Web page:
Roma

Roma

fellini's reputation as a middlebrow chronicler of extravagance is very odd to me because this shit is some of the most avant-garde cinema non-brakhage division out there. even someone like malick chronicles a broad emotional throughline through his narratological presentation of dasein. fellini just throws all of these different impressions of what he's interested in communicating, if that's one set objective at all, and then it works in this piecemeal form where every one part helps contextualize the other into a unitary whole. none of these post-acid movies of his work for me on first watch-through at all because i'm constantly getting bombarded with these images and complete emotional saturations that i have no idea what to do with. revisiting amarcord will probably be the first time i get a real sense on how this branch of fellini's work really registers with me when i'm keeping up. the direction is amazing, though, and some of these scenes are stunningly powerful in isolation.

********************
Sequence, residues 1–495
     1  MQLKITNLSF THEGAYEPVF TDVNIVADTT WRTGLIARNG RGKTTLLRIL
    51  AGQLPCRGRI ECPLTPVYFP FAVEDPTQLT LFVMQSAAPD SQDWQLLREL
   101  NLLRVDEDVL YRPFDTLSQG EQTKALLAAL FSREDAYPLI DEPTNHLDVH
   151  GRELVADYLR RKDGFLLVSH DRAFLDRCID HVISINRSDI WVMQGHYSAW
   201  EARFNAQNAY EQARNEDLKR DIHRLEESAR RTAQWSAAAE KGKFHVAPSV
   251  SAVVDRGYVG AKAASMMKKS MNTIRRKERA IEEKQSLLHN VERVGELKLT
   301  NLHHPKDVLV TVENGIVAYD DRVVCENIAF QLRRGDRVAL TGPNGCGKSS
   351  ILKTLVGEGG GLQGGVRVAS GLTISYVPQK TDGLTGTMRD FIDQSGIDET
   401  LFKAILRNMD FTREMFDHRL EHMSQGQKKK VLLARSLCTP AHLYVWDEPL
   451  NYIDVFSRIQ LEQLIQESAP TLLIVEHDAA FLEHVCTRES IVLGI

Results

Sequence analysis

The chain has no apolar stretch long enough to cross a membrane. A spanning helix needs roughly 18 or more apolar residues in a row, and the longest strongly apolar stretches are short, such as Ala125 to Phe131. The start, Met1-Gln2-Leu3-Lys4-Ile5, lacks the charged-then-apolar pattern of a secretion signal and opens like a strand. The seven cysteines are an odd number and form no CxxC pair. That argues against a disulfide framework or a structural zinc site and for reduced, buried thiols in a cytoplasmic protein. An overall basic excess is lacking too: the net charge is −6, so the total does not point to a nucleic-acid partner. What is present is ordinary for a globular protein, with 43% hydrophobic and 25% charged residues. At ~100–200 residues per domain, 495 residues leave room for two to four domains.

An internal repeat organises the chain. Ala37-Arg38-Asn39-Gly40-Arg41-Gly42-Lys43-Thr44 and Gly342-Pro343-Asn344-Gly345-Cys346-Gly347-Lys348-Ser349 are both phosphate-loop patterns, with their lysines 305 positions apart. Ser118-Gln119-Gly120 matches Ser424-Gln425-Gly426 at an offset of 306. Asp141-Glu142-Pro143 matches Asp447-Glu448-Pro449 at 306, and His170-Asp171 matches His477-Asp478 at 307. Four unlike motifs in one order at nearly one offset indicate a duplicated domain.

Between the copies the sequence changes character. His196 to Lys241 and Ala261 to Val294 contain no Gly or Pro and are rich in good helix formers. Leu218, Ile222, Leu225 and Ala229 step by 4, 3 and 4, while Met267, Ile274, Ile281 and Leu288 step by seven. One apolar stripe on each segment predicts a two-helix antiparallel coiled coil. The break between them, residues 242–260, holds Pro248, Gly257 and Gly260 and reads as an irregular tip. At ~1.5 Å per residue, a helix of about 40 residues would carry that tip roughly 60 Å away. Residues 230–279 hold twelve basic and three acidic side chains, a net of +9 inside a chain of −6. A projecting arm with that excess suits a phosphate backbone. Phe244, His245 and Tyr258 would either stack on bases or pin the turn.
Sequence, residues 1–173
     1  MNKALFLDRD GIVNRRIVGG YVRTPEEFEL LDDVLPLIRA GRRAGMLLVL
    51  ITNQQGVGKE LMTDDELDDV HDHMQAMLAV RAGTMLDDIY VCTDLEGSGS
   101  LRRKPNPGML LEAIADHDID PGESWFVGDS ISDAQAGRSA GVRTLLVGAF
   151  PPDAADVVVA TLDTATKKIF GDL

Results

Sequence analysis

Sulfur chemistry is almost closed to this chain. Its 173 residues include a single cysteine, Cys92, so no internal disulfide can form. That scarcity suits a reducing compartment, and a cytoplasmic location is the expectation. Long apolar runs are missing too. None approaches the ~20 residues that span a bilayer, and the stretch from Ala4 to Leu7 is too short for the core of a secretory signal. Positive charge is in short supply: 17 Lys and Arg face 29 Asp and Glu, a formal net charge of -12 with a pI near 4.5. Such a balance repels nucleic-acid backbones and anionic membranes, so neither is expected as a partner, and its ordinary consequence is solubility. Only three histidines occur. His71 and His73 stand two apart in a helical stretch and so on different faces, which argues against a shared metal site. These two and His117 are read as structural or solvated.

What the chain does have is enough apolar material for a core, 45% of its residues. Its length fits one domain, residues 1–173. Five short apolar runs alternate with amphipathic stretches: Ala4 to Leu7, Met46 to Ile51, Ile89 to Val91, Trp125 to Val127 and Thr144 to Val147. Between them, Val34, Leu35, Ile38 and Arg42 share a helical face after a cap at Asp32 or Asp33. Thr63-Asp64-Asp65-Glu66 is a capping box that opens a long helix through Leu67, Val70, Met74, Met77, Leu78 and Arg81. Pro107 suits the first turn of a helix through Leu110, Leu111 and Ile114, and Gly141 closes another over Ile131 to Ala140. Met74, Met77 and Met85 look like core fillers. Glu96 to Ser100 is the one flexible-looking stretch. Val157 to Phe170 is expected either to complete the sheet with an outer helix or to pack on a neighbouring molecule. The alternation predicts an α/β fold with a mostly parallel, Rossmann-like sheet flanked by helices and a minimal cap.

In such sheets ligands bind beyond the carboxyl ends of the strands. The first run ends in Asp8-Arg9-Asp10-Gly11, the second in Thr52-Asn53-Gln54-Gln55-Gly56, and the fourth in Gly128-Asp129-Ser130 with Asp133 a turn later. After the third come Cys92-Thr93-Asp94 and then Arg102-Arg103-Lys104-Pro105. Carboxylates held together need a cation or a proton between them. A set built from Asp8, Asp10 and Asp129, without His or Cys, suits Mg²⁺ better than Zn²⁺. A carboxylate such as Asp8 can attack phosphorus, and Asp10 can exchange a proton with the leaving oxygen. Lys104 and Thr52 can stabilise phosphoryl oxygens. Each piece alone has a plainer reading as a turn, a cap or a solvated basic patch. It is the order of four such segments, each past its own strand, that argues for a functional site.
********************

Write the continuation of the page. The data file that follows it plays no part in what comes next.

italy's sacrifice to the gods was being the woat country non-france edition and getting good artists/directors in exchange. france is just permanently in prison.